Currently, there are some huge problems facing the Australian education system. A system that for too many years appears to have been failing our young people in the most critical way imaginable by not preparing them for a successful future in the 21st century workplace. For years now, Australian youth have been falling behind their peers worldwide. It was not long ago that Australia’s education system was considered superior to that of the United States or England; however, in recent rankings it has been shown that Australia’s education system has fallen behind these two countries that we used to surpass. Falling behind countries that are themselves falling behind shows that the rate of decline for Australian young people is out of the ordinary.
Recently, the Program for International Student Assessment survey test and knowledge test discovered the educational standing of young people in more than 70 countries worldwide. The real kicker for Australia’s youth is that the actual overall test scores have fallen. This means that from 2000 to 2012 Australia’s school-age youth actually answered fewer questions correctly than their peers did 12 years ago. To put this in more explicit terms, an article in The Conversation states that both in science and math a 15 year old student from Australia’s educational and problem-solving teachings is only the equivalent of a 12 year old in Korea. This puts Australia’s young people at a three-year disadvantage from their Korean neighbours.
While Korea continues to accelerate and produce exceptional students, Australia’s young people keep falling further and further behind. This trend towards mediocrity, at best, is being further compounded by the fact that fewer Australian youth are getting engaged in math and science, and the fact that they are achieving lower scores in reading comprehension. Math, science, and reading skills are the foundational skills for the 21st century workforce, particularly science and reading comprehension. As crowdsourcing and robotics take over unskilled labour pools, the greatest chance for success that young people have is to distinguish themselves in math and science while utilising a high vocabulary and reading comprehension within those fields. These fields continue to attract the best and most brilliant around the world into high paying career fields. It stands then to reason that the better your child is at understanding language arts, the better off they will be on the pathway to a successful career. Individuals with high math and science scores are far more likely to have successful careers in whatever field they attempt than individuals with low median scores in these areas.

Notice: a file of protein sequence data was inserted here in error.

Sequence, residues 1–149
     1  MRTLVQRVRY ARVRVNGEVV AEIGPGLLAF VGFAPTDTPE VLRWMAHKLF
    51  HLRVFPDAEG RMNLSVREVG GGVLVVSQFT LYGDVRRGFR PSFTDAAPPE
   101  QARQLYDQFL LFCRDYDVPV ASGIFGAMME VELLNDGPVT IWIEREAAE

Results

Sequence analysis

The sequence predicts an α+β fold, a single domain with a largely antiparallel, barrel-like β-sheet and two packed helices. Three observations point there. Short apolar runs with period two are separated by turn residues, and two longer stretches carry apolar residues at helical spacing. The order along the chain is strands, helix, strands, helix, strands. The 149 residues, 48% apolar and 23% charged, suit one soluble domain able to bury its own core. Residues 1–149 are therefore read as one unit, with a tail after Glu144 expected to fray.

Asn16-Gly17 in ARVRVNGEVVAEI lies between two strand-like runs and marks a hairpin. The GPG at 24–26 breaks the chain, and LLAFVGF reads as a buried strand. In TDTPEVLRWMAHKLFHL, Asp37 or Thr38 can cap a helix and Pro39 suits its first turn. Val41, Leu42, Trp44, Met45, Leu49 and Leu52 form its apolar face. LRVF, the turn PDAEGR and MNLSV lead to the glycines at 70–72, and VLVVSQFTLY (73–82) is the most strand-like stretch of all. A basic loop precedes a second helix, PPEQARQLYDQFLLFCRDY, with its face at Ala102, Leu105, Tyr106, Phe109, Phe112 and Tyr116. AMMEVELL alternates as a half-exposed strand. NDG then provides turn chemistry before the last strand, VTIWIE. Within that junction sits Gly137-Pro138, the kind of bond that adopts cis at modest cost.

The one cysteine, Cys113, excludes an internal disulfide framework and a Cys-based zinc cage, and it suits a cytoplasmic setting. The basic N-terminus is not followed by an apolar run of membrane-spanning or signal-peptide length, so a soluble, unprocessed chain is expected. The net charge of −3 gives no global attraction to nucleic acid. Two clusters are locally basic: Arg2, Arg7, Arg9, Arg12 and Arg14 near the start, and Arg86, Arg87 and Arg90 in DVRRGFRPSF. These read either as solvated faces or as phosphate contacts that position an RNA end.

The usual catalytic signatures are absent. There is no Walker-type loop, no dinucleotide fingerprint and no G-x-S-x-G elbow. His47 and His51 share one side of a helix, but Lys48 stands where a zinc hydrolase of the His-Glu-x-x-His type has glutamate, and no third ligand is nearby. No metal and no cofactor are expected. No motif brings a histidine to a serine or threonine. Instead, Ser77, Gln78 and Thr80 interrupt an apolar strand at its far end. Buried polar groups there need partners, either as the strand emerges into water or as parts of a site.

This, however, is not the most disappointing failure of the Australian education system but rather how it treats its gifted students is the most abhorrent affront to education in a modern civilized country. Many gifted children become bored and distracted during classes which do not challenge their mental aptitude. Because of this, many gifted individuals in Australia’s class system, the most brilliant and intellectually developed youth, are often classified as having autism or attention deficit disorder. Instead of raising up our most gifted young people and challenging them to greater heights, we instead quell them and compel them to the level of mediocrity. Although there are many programs for young people who are developmentally challenged, getting funding or getting into a program for gifted youth is a much harder road to trod.
With this in mind, the question becomes what can be done to boost innovation, enhance critical thinking, and teach creative outside the box problem solving for our Australian school kids? And, now that we know the problem, what is the solution? Many in government are saying they should simply throw more money at the problem. “Surely if we just throw extra taxpayer dollars at it, the problem will be solved.” However, tax dollars do not solve the underlying problem which is a culture in Australia’s young people that does not value education in the same way that others around the world do. Culture is what needs to be taught, including respect for the educator, respect for education, and respect for one’s self and a personal responsibility to pursue deeper intellectual thought.